California Teaching Workforce is Running on Empty
New Report by the Center for the Future of Teaching and Learning Finds Harsh Budget Cuts Put Quality Teaching at Risk
(Sacramento) Cumulative cuts of more than $20 billion from California’s schools over the past three years have made it tougher for teachers to help students meet increasing expectations for academic achievement and have badly damaged the state’s ability to recruit and prepare new teachers needed for the future, according to the annual report on California’s teaching workforce released today by the Center for the Future of Teaching and Learning.
“California’s teaching workforce is running on empty,” said Margaret Gaston, President and Executive Director of the Center for the Future of Teaching and Learning. “The disinvestment in building a top quality teacher workforce is at odds with rising demands for students’ academic success. The fiscal crisis has so severely damaged the pipeline for recruiting and training new teachers that teaching quality may be put at risk for many years to come.”
California’s Teaching Force 2010: Key Issues and Trends is the latest report in a twelve-year effort by the Center for the Future of Teaching and Learning to help policymakers, the philanthropic community and others understand the critical need to strengthen the teaching profession in order to meet the state’s ambitious goals for students’ academic excellence. Research for the report was conducted by SRI International and includes an in-depth look at thirteen focus school districts and five focus institutions of higher education in California.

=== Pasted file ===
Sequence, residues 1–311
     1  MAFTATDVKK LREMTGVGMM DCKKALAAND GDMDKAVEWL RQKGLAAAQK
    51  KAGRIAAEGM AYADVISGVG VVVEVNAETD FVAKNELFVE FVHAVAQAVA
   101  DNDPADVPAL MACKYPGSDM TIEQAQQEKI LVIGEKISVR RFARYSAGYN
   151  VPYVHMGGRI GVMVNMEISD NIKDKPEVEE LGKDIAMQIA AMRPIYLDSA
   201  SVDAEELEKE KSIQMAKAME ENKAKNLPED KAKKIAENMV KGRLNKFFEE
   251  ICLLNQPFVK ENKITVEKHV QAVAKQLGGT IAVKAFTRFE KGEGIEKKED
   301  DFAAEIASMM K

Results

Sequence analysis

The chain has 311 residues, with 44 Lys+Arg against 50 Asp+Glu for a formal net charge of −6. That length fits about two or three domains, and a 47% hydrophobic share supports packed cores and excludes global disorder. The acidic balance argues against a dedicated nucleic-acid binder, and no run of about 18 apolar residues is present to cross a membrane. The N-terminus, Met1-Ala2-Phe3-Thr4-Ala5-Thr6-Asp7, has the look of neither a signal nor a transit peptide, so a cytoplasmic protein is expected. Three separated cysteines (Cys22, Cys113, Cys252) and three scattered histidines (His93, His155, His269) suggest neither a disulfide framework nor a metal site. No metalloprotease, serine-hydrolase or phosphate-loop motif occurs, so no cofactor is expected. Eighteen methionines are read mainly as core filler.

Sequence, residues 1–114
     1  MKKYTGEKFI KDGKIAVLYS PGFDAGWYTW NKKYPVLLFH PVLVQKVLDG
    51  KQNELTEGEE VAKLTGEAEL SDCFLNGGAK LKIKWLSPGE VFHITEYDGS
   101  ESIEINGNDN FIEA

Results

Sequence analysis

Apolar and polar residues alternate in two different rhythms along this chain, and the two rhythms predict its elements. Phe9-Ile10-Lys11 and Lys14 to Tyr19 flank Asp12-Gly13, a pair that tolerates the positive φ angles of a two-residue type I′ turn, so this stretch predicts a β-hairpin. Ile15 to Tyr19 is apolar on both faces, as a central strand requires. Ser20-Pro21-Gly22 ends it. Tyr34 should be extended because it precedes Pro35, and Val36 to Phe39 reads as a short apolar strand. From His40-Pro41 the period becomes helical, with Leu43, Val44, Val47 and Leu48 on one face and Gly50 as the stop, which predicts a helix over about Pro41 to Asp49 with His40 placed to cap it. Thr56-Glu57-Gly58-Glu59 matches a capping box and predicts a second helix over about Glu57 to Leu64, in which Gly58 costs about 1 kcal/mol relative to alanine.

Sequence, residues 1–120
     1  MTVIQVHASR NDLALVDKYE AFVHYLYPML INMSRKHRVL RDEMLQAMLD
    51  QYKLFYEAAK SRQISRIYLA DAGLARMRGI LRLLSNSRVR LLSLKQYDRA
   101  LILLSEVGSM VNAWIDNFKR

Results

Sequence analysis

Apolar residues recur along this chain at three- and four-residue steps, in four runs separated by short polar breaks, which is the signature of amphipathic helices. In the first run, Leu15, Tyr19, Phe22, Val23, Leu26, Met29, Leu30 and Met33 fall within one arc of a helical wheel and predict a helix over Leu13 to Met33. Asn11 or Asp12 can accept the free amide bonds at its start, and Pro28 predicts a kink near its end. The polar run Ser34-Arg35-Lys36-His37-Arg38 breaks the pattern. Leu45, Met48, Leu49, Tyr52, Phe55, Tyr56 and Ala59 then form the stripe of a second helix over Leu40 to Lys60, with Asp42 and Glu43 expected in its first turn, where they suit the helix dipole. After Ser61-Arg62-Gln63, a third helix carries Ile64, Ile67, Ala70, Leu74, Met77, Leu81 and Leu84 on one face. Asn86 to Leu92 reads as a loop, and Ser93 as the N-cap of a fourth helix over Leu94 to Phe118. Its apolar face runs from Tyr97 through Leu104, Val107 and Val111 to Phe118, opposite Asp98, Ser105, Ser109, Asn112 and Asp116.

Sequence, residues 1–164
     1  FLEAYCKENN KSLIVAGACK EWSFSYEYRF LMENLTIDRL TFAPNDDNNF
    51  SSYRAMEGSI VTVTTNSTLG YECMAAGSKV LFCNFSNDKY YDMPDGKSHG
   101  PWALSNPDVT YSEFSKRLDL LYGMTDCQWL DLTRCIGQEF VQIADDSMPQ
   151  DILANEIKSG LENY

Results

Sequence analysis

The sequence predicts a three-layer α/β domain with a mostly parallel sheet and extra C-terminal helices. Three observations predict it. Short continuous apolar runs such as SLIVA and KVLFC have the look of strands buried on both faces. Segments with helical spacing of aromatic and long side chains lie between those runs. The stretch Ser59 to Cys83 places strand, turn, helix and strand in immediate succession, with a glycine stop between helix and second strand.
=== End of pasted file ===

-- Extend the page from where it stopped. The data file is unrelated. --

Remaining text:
Amid intense scrutiny and increasing expectations for teachers, this year’s report details the impact of the recent budget cuts and policy shifts on California’s teaching workforce, finding tough times for teachers and a severely damaged teacher pipeline. The report also examines the state’s system of teacher evaluation and makes clear the critical need for an effective data system to strengthen education in the state.
“These are very tough times to be a teacher in California,” said Patrick Shields, Director of the Center for Education Policy at SRI International. “The expectations have never been higher, but drastic budget cuts are having a direct impact in the classroom and are damaging the systems of supports and resources teachers need to improve student learning.”
The full report and its recommendations, as well as summary materials, are available on the Center for the Future of Teaching and Learning’s website at www.cftl.org.
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